What the Richmond result really means

Poor Zac Goldsmith.

The now former MP for Richmond triggered a by-election in protest at government policy. Only to be unceremoniously dumped by his constituents in – you guessed it – a protest vote against government policy.

Political commentators have jumped on the shock result of last night’s by-election as a sign of popular discontent at Brexit and the way the process is being managed by Downing Street and ministers. Oh, and of course it also marks the return of the Liberal Democrats to the top table of British politics. Meanwhile, albeit largely overlooked, Labour will be quietly off licking its wounds after its candidate lost his deposit in what was a resounding thumping.

Don’t get me wrong, it’s an important electoral result. If for no other reason than it reduces Theresa May’s working majority in the House of Commons to 14. But here’s what the Richmond result really means…

Anti-establishmentarianism is alive and well

Unless your name is Donald Trump, it’s difficult to find a more concrete example of an anti-establishment vote than an established MP getting booted out of office to a political newcomer. The talking heads have it spot on here – Goldsmith got the electoral equivalent of a P45 because his constituency decided to vote in protest at where the Establishment, by which we mean government, is going with Brexit. It’s a vote against a so-called ‘hard Brexit’, an irony in itself that the EU referendum was a protest vote. As they say, a week’s a long time in politics…

The London-UK disconnect still exists

Remainers can insist Richmond is a sign the British public is scared of hard – or indeed any Brexit – until they’re blue in the face. Doesn’t make it true. What last night’s result showed is that the people of Richmond have rejected hard, or possibly any, Brexit.

But it also shows the continued disconnect between London and the rest of the UK, much of which voted to leave the EU. As if further evidence were needed at the end of a week in which the Commons could barely stifle a yawn over rising petrol prices that affect those outside London reliant on their cars. In the short term, some perspective is needed – Richmond is not a warning shot across the Prime Minister’s bows by the population en masse. Long-term, this disconnect raises some interesting questions around devolution of powers and budgets to local authorities.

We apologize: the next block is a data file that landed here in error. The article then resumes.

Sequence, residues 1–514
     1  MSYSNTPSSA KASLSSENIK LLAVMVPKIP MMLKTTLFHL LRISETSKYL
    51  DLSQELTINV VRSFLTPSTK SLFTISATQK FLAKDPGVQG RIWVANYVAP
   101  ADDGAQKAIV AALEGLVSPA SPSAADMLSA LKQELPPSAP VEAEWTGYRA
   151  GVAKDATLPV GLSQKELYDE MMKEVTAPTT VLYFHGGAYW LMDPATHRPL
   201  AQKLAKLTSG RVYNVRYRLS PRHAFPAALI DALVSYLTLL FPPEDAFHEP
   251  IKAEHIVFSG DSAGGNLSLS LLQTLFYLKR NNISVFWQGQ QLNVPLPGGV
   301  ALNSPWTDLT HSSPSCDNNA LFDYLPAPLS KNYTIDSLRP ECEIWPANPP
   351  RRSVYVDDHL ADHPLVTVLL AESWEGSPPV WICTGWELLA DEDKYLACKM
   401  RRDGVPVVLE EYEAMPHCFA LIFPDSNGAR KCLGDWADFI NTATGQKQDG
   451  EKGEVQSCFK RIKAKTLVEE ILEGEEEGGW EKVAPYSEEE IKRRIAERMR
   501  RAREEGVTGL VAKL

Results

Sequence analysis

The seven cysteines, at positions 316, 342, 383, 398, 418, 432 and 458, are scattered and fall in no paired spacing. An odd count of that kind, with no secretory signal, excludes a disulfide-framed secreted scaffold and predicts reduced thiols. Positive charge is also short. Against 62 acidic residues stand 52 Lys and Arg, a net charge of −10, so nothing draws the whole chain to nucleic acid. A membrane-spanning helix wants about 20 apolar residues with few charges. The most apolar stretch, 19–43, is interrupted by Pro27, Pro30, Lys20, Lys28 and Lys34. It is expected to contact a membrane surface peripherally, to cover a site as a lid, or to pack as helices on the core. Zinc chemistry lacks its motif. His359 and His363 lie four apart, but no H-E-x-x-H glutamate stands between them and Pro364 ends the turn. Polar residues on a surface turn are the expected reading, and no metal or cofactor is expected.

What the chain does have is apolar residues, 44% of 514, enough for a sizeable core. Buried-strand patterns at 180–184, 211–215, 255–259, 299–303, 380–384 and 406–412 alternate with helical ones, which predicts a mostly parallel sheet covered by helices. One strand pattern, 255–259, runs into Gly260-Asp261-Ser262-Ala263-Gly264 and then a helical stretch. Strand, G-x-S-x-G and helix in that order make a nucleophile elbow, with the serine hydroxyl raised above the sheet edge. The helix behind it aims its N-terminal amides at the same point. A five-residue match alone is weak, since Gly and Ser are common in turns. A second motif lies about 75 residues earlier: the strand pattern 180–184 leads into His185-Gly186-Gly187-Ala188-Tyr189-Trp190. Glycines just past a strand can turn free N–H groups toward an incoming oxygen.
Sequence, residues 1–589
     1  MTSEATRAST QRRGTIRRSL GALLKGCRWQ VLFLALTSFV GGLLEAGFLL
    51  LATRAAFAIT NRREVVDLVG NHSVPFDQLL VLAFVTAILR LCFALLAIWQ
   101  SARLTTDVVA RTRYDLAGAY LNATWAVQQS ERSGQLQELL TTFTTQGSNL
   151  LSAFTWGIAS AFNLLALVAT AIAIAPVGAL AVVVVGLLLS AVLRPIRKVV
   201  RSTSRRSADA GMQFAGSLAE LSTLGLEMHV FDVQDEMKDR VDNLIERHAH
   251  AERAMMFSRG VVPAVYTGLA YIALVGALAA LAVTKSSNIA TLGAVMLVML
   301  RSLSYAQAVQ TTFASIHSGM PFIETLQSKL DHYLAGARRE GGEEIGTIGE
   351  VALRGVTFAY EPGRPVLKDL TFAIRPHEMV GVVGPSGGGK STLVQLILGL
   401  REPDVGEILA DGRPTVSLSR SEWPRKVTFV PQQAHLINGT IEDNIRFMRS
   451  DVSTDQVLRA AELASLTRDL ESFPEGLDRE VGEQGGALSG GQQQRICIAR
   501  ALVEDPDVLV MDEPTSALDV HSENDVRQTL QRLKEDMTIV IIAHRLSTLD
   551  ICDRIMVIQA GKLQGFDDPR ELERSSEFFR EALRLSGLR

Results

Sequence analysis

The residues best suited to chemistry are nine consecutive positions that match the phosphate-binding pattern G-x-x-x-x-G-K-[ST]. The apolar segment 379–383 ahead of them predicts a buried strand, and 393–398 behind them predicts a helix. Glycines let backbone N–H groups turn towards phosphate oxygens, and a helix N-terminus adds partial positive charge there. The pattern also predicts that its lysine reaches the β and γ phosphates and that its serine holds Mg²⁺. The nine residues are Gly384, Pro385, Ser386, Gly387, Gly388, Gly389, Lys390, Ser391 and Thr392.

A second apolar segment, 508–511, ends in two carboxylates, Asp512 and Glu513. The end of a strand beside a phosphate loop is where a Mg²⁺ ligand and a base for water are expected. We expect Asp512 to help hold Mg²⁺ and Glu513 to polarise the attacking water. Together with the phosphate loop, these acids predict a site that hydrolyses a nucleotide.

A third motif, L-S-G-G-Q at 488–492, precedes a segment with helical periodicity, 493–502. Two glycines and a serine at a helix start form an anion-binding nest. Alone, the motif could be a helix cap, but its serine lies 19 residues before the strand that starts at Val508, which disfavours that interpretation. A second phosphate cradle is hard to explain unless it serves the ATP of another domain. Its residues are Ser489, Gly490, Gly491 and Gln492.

It’s too early to judge the rise of the Lib Dems

Sorry Tim Farron. While victory in the Richmond by-election is a stunning upset, it doesn’t mean the Lib Dems are back in the political frame. Last year, the Lib Dems were eviscerated at the General Election. You can’t lose 30 MPs in a night and then claim resurrection after one win 18 months later.

News of a Lib Dem resurgence is premature. There was a substantial mitigating factor for the voting swing in Richmond, namely Brexit. And with Labour struggling to define itself on the issue of the EU, the people of Richmond – either fed up with procrastination or desperate to Remain – voted with their feet to the only viable alternative to Zac Goldsmith.

A few more Lib Dem wins, successful local elections, maybe a mayoral win or two, and we can talk about resurgence. But to claim it now is far too early.

But Labour should be looking over its shoulder

Anyone heard from Labour HQ about the Richmond by-election? Anyone?

Not surprisingly, Labour’s been pretty quiet about the by-election result. After all, they lost their deposit. It was a kick in the teeth of a magnitude not seen since Jade Jones (aka ‘The Headhunter’) won the Taekwondo gold at the Rio Olympics.

A miserable night for Labour is somewhat explained by a vote against (hard) Brexit, given the EU has been a difficult subject for the Party in recent months. But it’s also a reflection of the difficulties the leadership has had of attracting attention in recent months (David Cameron got more press coverage in a month as a former PM than Jeremy Corbyn as Leader of the Opposition) and a continued public lack of buy-in to the Opposition, the cries of left-wing activists to the contrary.

So while Richmond as a stand-alone result doesn’t represent a Lib Dem resurgence, Party leaders will be thinking – quite rightly – that they’ve an opportunity to really challenge and try and replace Labour in the months and years to come. And UKIP – assuming they manage to hold onto this leader – will also be taking note.